|NATIONAL PARKS QUICKLINKS|
Backpacker Magazine – BACKPACKER.com Online Exclusive
The Obelisk offers a remote climbing challenge far removed from other Sierra hotspots.
Poultry In Motion Route
Kings Canyon National Park, California
The two most prominent "destinations" for climbers in the High Sierra are Yosemite Valley and Tuolumne Meadows. But there are many remote domes and crags on the western slope of the High Sierra that should not be ignored. The Obelisk is such a crag. This landmark serves as the far western boundary of Kings Canyon National Park. The south face is covered with knobs and chickenheads, perfectly sized and shaped for holds and protection, seemingly designed for climbing. This quality, combined with the remoteness of the crag, and a spectacular rappel, makes for a memorable climb.
The approach starts from the Crown Valley Trailhead, located near Wishon Reservoir, approximately 35 driving miles from Shaver Lake. A 10-mile hike past Statham Meadow, Spanish Meadow, and Spanish Lake leads to Geraldine Lakes, where a faint trail leads southeast to end north of the Obelisk. Hike cross-country, over the top of Peak 9,628 and the next small point to the east side of the crag. Continue down and around the east side of the Obelisk to the bottom of a prominent chimney on the right side of the south face.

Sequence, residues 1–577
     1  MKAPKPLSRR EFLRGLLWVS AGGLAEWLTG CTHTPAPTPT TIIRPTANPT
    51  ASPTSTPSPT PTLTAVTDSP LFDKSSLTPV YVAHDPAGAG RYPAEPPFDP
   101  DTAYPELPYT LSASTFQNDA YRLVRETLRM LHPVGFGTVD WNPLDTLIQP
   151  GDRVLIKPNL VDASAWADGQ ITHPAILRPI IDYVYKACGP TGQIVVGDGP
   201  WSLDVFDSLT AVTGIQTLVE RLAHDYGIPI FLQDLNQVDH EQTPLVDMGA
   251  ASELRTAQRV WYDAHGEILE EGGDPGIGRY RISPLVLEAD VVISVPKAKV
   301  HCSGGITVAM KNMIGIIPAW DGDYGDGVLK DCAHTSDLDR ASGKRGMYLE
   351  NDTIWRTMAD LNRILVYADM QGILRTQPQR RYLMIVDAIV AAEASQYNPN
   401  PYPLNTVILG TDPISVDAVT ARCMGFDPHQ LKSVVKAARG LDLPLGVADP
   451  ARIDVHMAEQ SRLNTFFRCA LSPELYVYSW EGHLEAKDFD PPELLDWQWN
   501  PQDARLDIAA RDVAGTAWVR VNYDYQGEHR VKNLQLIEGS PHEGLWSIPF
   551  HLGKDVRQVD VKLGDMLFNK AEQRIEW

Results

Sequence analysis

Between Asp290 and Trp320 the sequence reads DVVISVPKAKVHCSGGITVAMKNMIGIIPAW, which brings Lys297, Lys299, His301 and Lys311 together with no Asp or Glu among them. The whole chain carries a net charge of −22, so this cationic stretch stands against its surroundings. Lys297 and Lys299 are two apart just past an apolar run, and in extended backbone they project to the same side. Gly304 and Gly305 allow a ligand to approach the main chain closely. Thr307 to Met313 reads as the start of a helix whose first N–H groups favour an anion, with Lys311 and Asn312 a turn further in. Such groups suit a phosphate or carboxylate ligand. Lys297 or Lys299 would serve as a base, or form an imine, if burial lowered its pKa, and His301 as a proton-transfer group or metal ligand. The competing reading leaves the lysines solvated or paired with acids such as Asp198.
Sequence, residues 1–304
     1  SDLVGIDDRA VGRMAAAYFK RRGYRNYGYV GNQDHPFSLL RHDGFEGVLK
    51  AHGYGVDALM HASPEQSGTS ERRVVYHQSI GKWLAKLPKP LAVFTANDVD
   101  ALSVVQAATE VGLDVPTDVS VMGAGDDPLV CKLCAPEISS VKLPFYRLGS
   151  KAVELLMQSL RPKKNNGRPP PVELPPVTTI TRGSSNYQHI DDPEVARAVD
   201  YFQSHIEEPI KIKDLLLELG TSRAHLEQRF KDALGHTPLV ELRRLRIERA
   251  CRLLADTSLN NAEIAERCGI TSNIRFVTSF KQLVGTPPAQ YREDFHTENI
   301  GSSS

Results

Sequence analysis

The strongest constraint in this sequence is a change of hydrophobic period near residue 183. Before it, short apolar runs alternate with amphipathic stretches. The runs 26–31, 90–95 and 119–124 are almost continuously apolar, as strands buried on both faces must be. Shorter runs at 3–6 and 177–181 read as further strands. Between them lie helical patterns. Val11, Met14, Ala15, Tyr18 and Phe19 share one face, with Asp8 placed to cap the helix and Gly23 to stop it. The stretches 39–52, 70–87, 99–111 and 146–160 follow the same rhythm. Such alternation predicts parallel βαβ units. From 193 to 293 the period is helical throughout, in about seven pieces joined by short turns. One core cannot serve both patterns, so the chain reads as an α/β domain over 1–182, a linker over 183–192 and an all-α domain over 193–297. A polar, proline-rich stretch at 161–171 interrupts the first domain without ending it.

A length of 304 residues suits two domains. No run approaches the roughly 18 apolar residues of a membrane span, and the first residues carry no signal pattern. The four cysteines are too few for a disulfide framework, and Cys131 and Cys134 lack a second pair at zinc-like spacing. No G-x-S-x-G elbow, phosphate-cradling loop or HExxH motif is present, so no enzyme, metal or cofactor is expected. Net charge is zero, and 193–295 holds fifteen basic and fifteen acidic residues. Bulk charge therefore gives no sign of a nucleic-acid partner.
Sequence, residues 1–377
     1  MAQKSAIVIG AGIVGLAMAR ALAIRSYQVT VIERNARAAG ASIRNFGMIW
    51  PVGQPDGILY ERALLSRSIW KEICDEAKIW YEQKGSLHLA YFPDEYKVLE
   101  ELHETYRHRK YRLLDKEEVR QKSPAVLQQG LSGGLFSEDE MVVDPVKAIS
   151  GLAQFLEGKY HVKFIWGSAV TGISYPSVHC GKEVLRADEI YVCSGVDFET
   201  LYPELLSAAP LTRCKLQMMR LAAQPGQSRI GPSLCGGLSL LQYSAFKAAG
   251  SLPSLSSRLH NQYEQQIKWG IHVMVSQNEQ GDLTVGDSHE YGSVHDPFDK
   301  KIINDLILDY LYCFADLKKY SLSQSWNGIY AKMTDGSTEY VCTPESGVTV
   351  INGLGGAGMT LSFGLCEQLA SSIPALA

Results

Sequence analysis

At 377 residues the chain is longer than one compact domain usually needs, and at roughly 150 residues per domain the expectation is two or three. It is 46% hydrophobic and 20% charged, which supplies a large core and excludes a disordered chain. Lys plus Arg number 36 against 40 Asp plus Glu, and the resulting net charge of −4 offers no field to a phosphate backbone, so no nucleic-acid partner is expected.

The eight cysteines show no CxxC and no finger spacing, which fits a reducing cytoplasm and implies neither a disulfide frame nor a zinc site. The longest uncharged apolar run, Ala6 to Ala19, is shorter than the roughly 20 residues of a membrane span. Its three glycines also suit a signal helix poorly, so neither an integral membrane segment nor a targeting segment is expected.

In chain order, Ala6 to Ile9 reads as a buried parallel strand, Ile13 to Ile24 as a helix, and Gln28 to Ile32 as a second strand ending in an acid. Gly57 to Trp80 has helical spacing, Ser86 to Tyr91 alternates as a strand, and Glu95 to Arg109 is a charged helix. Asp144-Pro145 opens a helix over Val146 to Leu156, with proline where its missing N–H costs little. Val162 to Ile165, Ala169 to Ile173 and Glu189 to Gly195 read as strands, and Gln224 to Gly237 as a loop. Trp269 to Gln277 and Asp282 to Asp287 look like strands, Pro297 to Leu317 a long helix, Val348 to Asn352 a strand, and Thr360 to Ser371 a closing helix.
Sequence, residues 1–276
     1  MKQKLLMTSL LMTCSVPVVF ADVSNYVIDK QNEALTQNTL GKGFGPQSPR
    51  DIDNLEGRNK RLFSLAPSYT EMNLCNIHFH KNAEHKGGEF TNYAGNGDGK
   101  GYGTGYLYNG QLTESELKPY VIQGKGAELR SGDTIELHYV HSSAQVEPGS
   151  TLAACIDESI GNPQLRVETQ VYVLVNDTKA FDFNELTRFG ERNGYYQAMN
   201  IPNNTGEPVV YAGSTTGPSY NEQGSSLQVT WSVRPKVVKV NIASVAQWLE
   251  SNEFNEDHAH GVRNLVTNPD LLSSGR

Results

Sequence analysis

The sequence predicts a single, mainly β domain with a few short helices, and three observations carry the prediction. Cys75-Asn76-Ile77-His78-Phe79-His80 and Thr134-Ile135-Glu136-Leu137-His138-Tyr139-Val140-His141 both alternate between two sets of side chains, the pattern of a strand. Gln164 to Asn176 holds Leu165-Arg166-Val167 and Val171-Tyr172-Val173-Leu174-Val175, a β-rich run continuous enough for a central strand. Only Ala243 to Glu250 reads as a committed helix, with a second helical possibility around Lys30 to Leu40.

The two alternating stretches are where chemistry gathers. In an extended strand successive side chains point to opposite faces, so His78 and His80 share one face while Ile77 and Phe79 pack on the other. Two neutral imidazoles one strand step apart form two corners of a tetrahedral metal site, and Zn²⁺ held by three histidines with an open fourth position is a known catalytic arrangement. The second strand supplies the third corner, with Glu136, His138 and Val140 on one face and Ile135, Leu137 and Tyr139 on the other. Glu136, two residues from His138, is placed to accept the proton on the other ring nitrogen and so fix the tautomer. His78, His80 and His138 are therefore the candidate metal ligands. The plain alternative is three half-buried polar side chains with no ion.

Climb the chimney to an alcove and then go up and left across a face of knobs and chickenheads to a point beneath a prominent roof. Next, climb up and right across knobs and chickenheads to an exposed belay stance at an obtuse, outside corner. The fourth pitch goes straight up the dead-vertical class 4 chickenheaded face above the corner to a large ledge at the base of the final headwall.Traverse to the left across the large ledge. Climb a right-trending white chute before traversing left across a seemingly "blank" face (a 5.7 move) to a belay stance in a shallow right facing corner. The last pitch climbs the inside corner to where it turns into a chute that pierces the upper headwall, followed by two hundred feet of class 3 to the top.
|Buy The Book|
The only guide to detail all the known routes on 570 peaks in the Sierra.
The crux of this climb is the descent. Head northeast from the summit a short distance to the first rappel, a short one to a ledge above the great overhang. The second rappel is unforgettable: free (i.e., not touching the rock) for 165 feet to a small notch. Easy class 3 over a small crag leads back to the real world.
Permit: A wilderness permit is required to camp overnight in the John Muir Wilderness. Contact the Sierra National Forest (see below).
Guidebook: The High Sierra: Peaks, Passes, and Trails, Second Edition, by R.J. Secor. The Mountaineers, Seattle, 1999, $29.95.
Contact: Sierra National Forest, Pineridge Ranger District, (559) 855-5360; www.r5.fs.fed.us/sierra/.